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UK car sales slide 9% in September
Sales of new cars in the UK fell for the sixth month in a row during September, with demand for diesel cars plunging more than a fifth. There were 426,170 new car registration last month, the Society of Motor Manufacturers and Traders (SMMT) said. The figure was down 9.3% from September last year, while diesel sales – which have been hit by worries over air quality – fell by 21.7%. It was the first time in six years that the key September market had fallen.
Theresa May: Tories rally round PM after speech woes
Tory MPs have rallied round Theresa May after her conference speech on Wednesday was marred by mishaps.
James Cleverly said he was “proud” of the PM for contending with a persistent cough and a prankster. John Redwood said MPs backed her “strong message”. The BBC’s Laura Kuenssberg said that while many MPs wanted her to stay as leader, there were “emerging plots”. These involved Tory MPs trying to get support to approach Mrs May privately and persuade her to stand aside. This group will only act if they feel they have the numbers to do so “quickly and cleanly”, our political editor said, adding: “It is just not clear at the moment where the numbers really lie.”
Bank calls for Brexit transition deal by Christmas
The UK and the EU must agree on a Brexit transition deal by Christmas or risk banks triggering their contingency plans, the Bank of England has warned. Deputy governor Sam Woods said that while the UK is committed to an implementation period, the EU’s position “is not yet clear”. If no deal is reached, banks will begin a potentially disorderly shift of operations overseas. He said that would mean banks becoming more complex and harder to supervise.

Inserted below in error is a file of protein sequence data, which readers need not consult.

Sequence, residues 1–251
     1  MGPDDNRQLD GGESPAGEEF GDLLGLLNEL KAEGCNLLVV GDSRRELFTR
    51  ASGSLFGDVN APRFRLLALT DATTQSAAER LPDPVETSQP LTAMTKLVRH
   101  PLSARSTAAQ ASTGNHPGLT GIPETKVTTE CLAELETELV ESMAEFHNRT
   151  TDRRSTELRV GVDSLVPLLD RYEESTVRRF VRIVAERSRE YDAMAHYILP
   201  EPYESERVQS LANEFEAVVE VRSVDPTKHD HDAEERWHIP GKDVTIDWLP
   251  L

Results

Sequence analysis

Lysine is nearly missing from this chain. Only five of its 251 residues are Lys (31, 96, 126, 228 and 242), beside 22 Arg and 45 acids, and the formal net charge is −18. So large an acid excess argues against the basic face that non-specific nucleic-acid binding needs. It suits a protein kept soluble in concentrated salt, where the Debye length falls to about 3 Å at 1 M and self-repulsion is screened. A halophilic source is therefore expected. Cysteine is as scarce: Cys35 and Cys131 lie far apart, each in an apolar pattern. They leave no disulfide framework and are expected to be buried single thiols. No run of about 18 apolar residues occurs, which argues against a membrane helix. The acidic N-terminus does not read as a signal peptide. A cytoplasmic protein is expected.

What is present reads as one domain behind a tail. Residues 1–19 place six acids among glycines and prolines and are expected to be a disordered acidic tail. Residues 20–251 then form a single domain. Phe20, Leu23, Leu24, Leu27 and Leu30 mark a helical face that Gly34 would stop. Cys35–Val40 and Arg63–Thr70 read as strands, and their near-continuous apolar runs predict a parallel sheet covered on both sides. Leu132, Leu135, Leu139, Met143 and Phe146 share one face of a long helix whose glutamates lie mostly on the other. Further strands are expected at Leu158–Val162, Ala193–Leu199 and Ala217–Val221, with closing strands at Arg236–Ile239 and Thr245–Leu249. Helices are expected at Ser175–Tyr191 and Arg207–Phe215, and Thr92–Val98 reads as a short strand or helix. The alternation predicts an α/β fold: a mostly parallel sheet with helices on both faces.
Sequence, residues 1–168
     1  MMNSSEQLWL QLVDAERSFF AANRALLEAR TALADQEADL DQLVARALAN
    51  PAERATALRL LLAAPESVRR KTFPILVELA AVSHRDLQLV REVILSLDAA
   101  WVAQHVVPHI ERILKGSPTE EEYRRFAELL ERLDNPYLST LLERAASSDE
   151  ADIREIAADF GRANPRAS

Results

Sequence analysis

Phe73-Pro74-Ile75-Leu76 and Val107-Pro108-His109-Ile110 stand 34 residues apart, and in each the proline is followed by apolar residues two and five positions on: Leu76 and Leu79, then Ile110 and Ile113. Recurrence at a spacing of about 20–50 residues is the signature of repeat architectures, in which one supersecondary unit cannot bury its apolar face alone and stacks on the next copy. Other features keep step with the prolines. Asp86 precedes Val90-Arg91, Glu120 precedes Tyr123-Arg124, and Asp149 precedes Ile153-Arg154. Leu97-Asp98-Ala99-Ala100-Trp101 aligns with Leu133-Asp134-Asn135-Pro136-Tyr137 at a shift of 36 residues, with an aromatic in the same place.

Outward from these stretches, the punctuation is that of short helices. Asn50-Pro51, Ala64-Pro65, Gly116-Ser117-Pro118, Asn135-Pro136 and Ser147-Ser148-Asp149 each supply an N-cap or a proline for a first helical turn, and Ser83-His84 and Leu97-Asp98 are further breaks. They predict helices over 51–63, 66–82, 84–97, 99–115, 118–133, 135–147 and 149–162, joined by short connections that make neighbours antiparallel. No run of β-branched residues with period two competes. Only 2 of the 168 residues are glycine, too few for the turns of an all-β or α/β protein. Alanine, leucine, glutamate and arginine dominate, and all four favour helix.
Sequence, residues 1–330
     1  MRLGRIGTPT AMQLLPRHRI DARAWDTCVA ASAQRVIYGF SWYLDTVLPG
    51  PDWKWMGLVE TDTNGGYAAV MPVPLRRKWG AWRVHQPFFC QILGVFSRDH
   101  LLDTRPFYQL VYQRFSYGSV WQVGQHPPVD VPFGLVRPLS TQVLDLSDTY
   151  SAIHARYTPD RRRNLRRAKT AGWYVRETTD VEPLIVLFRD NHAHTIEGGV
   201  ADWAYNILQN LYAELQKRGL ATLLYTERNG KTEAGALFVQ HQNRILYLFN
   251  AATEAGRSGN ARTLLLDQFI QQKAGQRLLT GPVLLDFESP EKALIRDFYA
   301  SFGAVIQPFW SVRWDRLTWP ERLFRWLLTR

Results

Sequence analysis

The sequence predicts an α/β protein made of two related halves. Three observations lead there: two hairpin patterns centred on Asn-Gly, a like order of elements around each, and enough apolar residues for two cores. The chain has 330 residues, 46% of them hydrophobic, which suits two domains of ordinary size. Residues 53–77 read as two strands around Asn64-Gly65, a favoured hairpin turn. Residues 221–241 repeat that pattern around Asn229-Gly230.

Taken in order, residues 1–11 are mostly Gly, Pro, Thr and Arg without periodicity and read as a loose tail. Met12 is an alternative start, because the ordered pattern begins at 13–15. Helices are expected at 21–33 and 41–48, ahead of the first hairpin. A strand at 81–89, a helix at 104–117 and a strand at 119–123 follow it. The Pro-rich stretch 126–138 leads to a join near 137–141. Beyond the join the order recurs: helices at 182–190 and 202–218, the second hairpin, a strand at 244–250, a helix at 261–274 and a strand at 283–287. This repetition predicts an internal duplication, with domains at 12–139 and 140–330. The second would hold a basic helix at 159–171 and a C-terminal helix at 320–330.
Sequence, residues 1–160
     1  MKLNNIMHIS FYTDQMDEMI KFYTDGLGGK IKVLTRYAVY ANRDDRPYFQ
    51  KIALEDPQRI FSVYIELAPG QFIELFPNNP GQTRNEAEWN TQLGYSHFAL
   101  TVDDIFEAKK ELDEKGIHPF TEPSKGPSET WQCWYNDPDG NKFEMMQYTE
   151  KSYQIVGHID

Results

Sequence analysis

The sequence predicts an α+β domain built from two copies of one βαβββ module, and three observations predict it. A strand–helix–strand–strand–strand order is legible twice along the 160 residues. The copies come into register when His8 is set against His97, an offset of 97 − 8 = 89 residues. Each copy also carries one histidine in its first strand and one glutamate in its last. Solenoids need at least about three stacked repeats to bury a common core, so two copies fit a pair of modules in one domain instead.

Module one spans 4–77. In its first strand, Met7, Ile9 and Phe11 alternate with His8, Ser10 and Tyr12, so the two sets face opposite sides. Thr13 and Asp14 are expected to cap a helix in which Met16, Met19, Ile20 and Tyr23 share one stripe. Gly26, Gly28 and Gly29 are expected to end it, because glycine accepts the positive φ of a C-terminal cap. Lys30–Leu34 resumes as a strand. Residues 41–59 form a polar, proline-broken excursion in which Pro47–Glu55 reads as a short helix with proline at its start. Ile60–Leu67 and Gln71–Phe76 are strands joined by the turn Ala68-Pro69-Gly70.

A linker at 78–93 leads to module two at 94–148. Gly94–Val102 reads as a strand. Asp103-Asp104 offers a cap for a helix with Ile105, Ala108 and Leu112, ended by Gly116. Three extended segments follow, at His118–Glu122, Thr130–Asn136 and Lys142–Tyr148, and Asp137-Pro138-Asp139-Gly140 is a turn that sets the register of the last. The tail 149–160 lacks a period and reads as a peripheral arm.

Dealerships braced for crash in new car sales
Ministers and the motor trade are bracing themselves for the worst new car sales figures since the recession. For the September registration plate change month, dealerships are privately warning about big falls in new registrations because of confusion about the future of diesel engines and the unwillingness of motorists to commit to a big-ticket acquisition in uncertain economic times. In 2010 new September registrations fell by nearly 9 per cent. A year later they were still drifting downwards before a strong recovery. In 2012, 2013 and 2015 September sales rose by about 10 per cent per annum.
Electric cars must be limited too, say pollution experts
All cars, including those run on electricity, will have to be banned or deterred by high entry charges on many roads to meet the mayor of London’s new air quality target, according to the government’s top pollution adviser. Frank Kelly said that large parts of central London should be pedestrianised or placed off limits to private cars during the day to reduce the tiny toxic particles produced by brakes and tyres. Professor Kelly, chairman of the committee on the medical effects of air pollutants, was responding to Sadiq Khan’s pledge yesterday to reduce pollution to the World Health Organisation’s recommended limit by 2030.